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A company of Canada’s Sun Life Financial is facing a proposed class-action lawsuit in the United States from a policyholder over discretionary proof clauses in its disability insurance contracts.
The suit, filed by an occupationally disabled woman with a severe back injury, alleges Sun Life Assurance Company of Canada violated insurance reforms issued by Michigan’s insurance commissioner and that apply to disability insurance policies issued in the state, according to the law firms of Mantese Honigman Rossman and Williamson and John J. Conway, P.C.
The complaint, filed in the U.S. District Court for the Eastern District of Michigan, seeks class-action status for people who were covered under short- and long-term disability policies issued by Sun Life after June 1, 2007, that contained these clauses and whose claims the company allegedly denied.
Alexi Maravel, a spokesman for Sun Life Financial’s U.S. operations, based in Wellesley, Mass., said the company doesn’t comment on ongoing litigation.
Discretionary clauses have been the subject of scrutiny by state insurance regulators. They provide that an insurer will pay a disability claim only if it is satisfied with the policyholder’s proof. Despite proof of medical disability, including treatment records and surgical reports, many insured people allege Sun Life and other carriers leave them without disability coverage, the firms said.
John J. Conway, an attorney representing the proposed class, said he estimates thousands would be affected by the discretionary clauses in this case. At a minimum, money damages call for the company to readjust wrongfully denied, suspended or terminated disability claims, he said.
On June 1, 2007, Michigan’s insurance commissioner banned insurers from inserting any discretionary clauses in disability contracts issued in the state, the firms said. The insurance industry challenged the Michigan regulation but in March 2009, the Sixth Circuit U.S. Court of Appeals found the regulation was lawful, they said. The case was titled the American Council of Life Insurers v. Ross.
California was one of the first states to enact these reforms because it determined that discretionary clauses were “misleading and ambiguous,” Conway said.
The suit was filed by Reyna Allen, a former hourly employee for a pharmaceutical company. Her disability claim was allegedly denied after attempts to overturn the denial using Sun Life’s appeals process failed.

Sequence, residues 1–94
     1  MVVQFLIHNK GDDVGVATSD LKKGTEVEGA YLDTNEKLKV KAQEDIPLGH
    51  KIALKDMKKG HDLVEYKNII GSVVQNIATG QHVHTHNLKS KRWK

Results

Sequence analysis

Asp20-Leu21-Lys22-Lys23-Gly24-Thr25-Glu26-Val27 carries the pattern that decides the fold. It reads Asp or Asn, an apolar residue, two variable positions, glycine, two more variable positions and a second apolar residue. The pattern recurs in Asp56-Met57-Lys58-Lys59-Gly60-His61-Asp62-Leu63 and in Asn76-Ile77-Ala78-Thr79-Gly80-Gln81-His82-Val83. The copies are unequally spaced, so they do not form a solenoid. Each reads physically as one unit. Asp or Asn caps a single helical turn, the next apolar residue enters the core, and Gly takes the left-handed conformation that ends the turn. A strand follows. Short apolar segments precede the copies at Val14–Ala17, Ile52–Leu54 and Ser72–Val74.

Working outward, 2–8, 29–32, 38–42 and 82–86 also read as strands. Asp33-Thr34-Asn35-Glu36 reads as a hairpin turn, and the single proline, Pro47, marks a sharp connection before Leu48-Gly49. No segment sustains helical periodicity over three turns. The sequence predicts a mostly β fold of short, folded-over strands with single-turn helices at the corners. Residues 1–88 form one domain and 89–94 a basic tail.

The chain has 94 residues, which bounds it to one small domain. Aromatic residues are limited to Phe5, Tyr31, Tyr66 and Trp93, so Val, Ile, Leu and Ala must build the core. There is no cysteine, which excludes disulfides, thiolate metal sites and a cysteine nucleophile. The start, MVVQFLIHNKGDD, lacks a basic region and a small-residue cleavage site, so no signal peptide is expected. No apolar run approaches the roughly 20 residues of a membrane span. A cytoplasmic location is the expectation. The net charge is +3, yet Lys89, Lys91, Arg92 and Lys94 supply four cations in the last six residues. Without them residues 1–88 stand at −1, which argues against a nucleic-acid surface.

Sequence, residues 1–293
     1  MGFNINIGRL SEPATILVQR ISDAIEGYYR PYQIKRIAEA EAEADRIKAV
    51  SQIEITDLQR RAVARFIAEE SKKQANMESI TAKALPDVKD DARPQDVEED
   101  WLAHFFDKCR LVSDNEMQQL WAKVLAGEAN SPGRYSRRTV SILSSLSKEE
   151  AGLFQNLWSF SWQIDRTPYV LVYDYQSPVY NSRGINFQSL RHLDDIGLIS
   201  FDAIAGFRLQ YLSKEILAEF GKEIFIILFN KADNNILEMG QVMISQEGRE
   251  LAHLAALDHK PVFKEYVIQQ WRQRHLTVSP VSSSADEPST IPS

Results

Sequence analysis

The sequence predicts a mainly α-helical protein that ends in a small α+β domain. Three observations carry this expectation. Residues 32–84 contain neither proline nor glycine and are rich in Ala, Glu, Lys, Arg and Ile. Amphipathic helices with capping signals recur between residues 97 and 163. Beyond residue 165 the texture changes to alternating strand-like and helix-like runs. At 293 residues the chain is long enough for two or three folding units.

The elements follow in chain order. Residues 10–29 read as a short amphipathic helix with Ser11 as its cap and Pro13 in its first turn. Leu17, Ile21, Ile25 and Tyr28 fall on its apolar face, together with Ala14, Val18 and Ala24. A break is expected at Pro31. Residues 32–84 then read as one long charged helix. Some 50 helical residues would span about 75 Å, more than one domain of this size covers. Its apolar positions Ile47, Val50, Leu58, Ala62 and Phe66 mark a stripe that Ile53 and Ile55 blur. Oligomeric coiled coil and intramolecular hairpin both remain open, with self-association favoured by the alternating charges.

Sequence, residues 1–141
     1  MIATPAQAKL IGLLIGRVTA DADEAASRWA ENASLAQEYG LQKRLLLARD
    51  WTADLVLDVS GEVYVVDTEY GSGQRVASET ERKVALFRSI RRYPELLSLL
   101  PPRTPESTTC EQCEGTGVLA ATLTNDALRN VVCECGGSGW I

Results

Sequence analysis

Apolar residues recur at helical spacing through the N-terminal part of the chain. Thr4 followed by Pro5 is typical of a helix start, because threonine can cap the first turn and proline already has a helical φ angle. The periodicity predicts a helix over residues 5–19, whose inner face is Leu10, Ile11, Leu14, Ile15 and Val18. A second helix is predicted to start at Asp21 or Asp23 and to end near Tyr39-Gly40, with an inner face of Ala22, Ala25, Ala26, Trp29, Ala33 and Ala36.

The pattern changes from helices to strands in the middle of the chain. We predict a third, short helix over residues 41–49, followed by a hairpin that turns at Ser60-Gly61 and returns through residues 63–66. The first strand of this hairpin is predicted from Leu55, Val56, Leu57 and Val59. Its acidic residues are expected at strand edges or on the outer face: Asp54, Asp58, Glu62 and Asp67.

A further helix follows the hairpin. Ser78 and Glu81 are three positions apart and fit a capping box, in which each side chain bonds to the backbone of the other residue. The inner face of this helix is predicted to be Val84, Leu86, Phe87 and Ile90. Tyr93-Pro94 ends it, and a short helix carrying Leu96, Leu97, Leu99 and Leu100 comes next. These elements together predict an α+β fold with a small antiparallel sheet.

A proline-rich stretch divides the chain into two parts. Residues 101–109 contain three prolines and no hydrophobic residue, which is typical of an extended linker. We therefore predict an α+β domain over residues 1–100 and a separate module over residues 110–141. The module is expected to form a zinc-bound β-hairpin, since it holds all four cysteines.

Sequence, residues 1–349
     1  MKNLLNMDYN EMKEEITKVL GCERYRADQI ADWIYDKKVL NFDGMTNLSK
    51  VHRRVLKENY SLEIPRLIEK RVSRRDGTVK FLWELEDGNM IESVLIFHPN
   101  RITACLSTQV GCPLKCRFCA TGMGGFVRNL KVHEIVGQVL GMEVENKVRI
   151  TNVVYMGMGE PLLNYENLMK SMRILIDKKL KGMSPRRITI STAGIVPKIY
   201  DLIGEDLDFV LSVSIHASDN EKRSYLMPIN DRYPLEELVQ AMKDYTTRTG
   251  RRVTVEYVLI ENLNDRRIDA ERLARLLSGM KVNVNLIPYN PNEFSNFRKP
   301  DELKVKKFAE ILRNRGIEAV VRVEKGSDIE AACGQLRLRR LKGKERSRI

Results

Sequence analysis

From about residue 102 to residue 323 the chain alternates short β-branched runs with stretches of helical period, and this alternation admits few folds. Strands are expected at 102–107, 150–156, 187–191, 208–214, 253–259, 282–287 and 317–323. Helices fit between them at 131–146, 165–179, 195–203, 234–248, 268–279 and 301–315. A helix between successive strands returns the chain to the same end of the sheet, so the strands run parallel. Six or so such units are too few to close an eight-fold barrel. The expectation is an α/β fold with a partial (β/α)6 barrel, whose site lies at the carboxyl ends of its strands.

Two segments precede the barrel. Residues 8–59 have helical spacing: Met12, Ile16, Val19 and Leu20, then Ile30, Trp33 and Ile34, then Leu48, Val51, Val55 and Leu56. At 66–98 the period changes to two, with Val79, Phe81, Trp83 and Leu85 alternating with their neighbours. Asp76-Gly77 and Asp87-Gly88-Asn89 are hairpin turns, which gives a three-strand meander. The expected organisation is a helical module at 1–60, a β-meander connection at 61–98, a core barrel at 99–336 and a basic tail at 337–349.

However, Sun Life maintained for years that the language unambiguously conferred it with the discretion to decide whose claims it would or wouldn’t pay, the firms said.
Sun Life and other insurers have been using discretionary clauses for many years to wrongfully deny valid disability claims, Conway said in a statement. Sun Life denies claims by holding policyholders “to a higher level of proof than Michigan law requires,” said Gerard Mantese, one of the attorneys representing Allen, in a statement.
In January, the Texas Department of Insurance asked all insurers writing accident, health and life policies to suspend the filing of policy forms containing discretionary clauses while it considered prohibiting their use. The state Office of Public Insurance Counsel, a separate agency, asked Insurance Commissioner Mike Geeslin to consider a ban in October 2009 (BestWire, Jan. 13, 2010).
In a letter to Geeslin, America’s Health Insurance Plans Regional Director Cindy Goff said at that time discretionary clauses protect employers and individuals by providing consistency to benefit eligibility determinations and interpretations of policy terms. “They operate to ensure that employers and consumers are afforded reliable, uniform and affordable benefits” (BestWire, Jan. 13, 2010).
Sun Life Assurance Company of Canada currently has a Best’s Financial Strength Rating of A+ (Superior).
(By Fran Matso Lysiak, senior associate editor, BestWeek: email@example.com)